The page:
Ecologically but not yet politically viable
Two further coalitions – which I label “limits” (consisting of The Green Party, Greenpeace, and various more radical thinktanks, NGOs and campaigners) and “revolution” (Extinction Rebellion and similar non-violent direct-action groups) – are ecologically viable. They respect the overriding importance of the Earth’s biophysical capacities (planetary boundaries). However, they are (currently) politically unviable, being composed of fragmented groups of more radical actors with marginal influence, few resources and no support at all in key sectors. They also face well-resourced, skilled, incumbent opposition with the backing of all the major media.
Concerned, but not yet persuaded
A rapid transition to net zero carbon by 2035 for the UK may be an ecological and humanitarian necessity. But despite record levels of concern, the UK public and key sectors are not yet persuaded. In addition, we have our own doublethink issues to contend with. We want better public transport and clean air. And we want to keep our cars and our cheap flights and to pay less in taxes. We want the government to take the lead. And we don’t trust them to manage the rubbish collection let alone a just transition to a new economy.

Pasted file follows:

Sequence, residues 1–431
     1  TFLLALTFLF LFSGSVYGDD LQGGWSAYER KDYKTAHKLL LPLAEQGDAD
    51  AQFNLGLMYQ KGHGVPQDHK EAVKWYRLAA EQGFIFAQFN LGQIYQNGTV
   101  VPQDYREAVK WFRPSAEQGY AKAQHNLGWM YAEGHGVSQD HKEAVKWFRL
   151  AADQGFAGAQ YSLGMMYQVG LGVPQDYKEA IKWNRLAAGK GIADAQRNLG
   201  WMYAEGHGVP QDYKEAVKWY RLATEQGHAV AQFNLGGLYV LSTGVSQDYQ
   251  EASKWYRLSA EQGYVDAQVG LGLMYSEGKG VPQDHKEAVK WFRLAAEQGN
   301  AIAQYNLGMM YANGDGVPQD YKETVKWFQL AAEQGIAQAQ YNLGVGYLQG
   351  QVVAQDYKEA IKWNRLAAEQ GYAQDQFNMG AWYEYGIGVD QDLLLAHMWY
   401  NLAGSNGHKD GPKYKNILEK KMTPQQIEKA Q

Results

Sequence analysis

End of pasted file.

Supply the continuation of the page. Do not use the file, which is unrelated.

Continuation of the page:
If we want to take back control and have real energy security – based on renewable energy, properly insulated buildings, the right to generate and sell our own renewable electricity, free public transport funded by a tax on frequent flyers – we’re going to have to break the “silent stand-off” that leads politicians and the public to assume that the other party doesn’t really care about the climate or surely they would be doing more about it. We need a proper national conversation about the kind of society we want to live in, and the real risks and difficult trade-offs we face in the years ahead, so that rapid transition or incremental change becomes a conscious choice.
Steven R. Smith, Visiting Research Fellow, Centre for the Understanding of Sustainable Prosperity (CUSP), University of Surrey
This article is republished from The Conversation under a Creative Commons license.